Oregon's wandering wolf now leader of a pack This remote camera photo shows the wolf OR-7 on the Rogue River-Siskiyou National Forest in southwest Oregon's Cascade Mountains (AP photos)
Oregon's wandering wolf now leader of a pack
Lexile

Oregon's famous wandering wolf, OR-7, is officially the leader of his own pack.

State and federal wildlife agencies said they have designated OR-7, his mate and their pups the Rogue Pack, for their location in the Rogue River drainage in the Cascades east of Medford.

It's the first pack in western Oregon and the ninth in the state since wolves from Idaho started swimming the Snake River in the 1990s.

As a youngster, OR-7 left his pack in northeastern Oregon in September 2011. He traveled thousands of miles across Oregon and back and forth into Northern California before finding a mate last winter in the southern Cascades on the Rogue River-Siskiyou National Forest.

The GPS collar that tracked his travels is still working, but biologists hope to replace it this spring.

Efforts to trap OR-7, his mate or one of the pups to put a tracking collar on them were not successful last fall, said U.S. Fish and Wildlife Service biologist John Stephenson. They hope to have better luck this May, when the pack dens up for more pups.

Even if the GPS tracking collar fails, a separate unit on the collar emits a radio signal that can be tracked by a directional antenna and should continue working, Stephenson said.

Oregon could consider lifting state Endangered Species Act protections for wolves this year if biologists confirm that four or more packs produced pups that survived through the end of the year. The earliest a proposal could go before the Oregon Fish and Wildlife Commission is April, said spokeswoman Michelle Dennehy. Delisting would not mean an end to protections for wolves, but would give ranchers more options for dealing with wolves that attack livestock.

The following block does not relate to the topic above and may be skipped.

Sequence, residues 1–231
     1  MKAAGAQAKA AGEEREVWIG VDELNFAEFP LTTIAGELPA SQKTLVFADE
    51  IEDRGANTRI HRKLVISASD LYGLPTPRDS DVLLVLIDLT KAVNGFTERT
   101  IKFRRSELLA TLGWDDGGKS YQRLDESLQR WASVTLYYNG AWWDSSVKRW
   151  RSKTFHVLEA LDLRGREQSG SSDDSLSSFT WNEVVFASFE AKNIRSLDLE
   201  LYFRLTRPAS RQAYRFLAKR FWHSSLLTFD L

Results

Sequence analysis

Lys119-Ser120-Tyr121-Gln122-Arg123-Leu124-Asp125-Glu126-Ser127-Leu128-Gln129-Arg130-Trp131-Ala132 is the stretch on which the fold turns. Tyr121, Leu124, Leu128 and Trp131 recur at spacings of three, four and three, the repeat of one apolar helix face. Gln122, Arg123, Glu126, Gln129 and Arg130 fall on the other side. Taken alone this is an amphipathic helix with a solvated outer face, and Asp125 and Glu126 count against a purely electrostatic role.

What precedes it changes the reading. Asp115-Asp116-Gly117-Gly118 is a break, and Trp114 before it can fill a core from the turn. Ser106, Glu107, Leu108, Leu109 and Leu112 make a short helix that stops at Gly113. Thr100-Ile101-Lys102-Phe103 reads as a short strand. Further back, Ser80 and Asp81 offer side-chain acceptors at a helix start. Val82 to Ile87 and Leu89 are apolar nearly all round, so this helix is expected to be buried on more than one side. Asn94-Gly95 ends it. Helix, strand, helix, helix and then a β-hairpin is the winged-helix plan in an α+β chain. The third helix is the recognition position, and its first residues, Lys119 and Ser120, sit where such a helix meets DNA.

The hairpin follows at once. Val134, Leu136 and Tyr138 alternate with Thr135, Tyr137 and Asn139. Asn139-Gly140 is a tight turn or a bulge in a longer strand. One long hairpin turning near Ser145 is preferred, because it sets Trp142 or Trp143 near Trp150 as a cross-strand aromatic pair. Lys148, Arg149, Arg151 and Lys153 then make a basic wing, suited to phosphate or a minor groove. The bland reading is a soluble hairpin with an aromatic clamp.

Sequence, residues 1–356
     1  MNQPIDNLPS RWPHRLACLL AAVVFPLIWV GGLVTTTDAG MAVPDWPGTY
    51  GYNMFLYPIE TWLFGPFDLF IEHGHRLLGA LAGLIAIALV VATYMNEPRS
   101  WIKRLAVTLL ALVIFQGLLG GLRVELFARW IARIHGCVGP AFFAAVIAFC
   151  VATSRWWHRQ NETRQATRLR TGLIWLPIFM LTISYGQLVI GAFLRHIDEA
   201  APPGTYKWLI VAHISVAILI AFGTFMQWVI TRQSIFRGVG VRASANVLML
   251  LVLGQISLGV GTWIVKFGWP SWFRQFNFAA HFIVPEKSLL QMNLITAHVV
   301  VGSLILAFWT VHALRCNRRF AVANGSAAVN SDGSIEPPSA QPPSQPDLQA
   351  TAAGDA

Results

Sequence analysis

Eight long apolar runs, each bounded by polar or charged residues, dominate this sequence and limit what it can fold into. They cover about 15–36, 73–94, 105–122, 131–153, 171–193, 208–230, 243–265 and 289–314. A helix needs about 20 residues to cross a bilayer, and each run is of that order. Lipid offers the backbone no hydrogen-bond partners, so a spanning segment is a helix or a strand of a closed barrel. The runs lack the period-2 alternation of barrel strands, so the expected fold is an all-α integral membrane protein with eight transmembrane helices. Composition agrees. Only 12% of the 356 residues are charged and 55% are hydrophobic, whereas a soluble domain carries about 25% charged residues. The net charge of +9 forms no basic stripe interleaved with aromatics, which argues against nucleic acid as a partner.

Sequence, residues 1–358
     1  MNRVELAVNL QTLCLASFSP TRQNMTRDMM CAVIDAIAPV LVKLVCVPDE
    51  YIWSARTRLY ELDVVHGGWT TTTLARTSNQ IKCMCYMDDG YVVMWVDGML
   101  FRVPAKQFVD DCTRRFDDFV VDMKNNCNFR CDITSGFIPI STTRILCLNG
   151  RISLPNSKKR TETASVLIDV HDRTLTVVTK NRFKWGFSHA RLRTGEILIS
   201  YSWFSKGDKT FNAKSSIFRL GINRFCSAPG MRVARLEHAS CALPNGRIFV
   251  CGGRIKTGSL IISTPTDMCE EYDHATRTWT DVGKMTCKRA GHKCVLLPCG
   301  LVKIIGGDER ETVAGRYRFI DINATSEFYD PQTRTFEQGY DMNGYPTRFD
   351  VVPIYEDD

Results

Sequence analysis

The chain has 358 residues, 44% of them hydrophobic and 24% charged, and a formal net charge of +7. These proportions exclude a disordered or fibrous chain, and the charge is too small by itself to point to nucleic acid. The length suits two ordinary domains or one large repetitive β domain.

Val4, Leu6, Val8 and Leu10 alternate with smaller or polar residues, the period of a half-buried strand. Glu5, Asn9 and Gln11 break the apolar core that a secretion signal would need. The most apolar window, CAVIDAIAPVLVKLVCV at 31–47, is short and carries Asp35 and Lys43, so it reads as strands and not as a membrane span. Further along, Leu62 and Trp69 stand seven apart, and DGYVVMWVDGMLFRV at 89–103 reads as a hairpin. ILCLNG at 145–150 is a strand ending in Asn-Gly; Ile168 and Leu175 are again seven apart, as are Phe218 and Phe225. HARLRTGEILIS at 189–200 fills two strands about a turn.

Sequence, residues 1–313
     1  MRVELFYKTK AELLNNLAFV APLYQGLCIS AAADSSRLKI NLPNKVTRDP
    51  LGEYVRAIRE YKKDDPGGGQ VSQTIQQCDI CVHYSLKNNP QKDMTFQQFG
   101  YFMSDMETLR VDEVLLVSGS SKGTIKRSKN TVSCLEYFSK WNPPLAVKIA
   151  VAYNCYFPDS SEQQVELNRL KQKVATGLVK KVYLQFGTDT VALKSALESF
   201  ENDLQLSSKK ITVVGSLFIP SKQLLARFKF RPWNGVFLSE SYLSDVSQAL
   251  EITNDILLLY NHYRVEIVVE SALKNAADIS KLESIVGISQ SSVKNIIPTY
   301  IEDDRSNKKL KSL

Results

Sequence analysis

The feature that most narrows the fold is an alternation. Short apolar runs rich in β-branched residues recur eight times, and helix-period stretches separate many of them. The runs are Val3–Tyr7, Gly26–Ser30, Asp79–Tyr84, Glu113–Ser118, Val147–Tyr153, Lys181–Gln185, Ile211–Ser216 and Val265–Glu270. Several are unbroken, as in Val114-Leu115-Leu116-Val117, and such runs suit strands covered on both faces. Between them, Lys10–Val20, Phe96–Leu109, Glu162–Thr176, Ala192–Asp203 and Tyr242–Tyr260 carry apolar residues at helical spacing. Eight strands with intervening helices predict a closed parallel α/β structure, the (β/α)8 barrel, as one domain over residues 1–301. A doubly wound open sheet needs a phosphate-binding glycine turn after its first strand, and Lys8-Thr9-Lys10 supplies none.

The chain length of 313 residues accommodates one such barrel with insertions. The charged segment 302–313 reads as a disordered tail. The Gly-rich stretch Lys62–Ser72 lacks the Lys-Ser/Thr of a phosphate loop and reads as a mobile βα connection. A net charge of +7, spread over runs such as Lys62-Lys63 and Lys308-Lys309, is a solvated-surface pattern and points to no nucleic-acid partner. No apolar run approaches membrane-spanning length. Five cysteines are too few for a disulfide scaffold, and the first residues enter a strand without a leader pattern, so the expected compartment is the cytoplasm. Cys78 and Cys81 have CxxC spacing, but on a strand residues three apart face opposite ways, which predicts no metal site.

OR-7 has continued to stay out of trouble as far as livestock are concerned.

Oregon's management plan calls for protections to continue for the Rogue Pack until there are four packs in western Oregon producing pups for three years running. Federal Endangered Species Act protection also remains in force in western Oregon and California.

Critical thinking challenge: What made it difficult to trap the wolf know as OR-7?

Assigned 20 times


COMMENTS (24)
  • RM00charlie
    1/13/2015 - 12:58 p.m.

    what made it difficult to trap these wolves is that the pack is always moving miles and miles everyday without stopping really so they never know where and when they will be at a certain place

  • TF00Music
    1/13/2015 - 01:04 p.m.

    Since they've 'tagged' he wolf, the GPS tracker is working, but it keeps moving. It doesn't stay in a specific place. Also, they want to replace it so that they can get more information.

  • MikaylaStazewski-Ste
    1/13/2015 - 01:17 p.m.

    It appears to be that the Oregon wolf and his pack are no surprise to the reporter or to the town. I got the impression that the wolves walked close-by to citizens, but maybe not.

  • IM2000food
    1/13/2015 - 01:22 p.m.

    what made it difficult to trap the wolf know as ''Or-7 because of the navigation tracking thing and the wolf was still wondering. also there could of been more wolfs because he is known as or7 which means there could have been more.

  • TaylorHartman-Ste
    1/14/2015 - 01:26 p.m.

    I think that it is pretty neat to have this specific wolf named and everyone knows who he is. Also, I think wolves are beautiful creatures and should not be anywhere near the list of being able to hunt.

  • MadisonSch
    1/14/2015 - 01:43 p.m.

    It would be a cool site to see this wolf wandering around with its pack. You never see any wolves where I live,it would be a nice change to see a wolf.

  • joshh-Lam
    1/14/2015 - 05:41 p.m.

    It's literally a new meaning to lone wolf It's nice now that he has his own pack, but I've never heard of this wolf, and why did they name him or-7?

  • TreyvaunT
    1/15/2015 - 09:04 a.m.

    I could never walk thousands of miles for anything. I think it's cool to see how OR-7's life is going. I think it is interesting how he left his old pack, and made his own.

  • stevenm-Lam
    1/15/2015 - 03:39 p.m.

    The Wolves need to be protected even though they kill people's livestock. The wolves are still endangered species, and we need to protect them. Or-7 made its own pack and needs to keep it safe.

  • coltons-Lam
    1/15/2015 - 04:01 p.m.

    I like this article on wolves because I like wolves. It was a good article about the wolf in Oregon. You guys should look up how big a Timber wolf is-- they're huge!

Take the Quiz Leave a comment
ADVERTISEMENT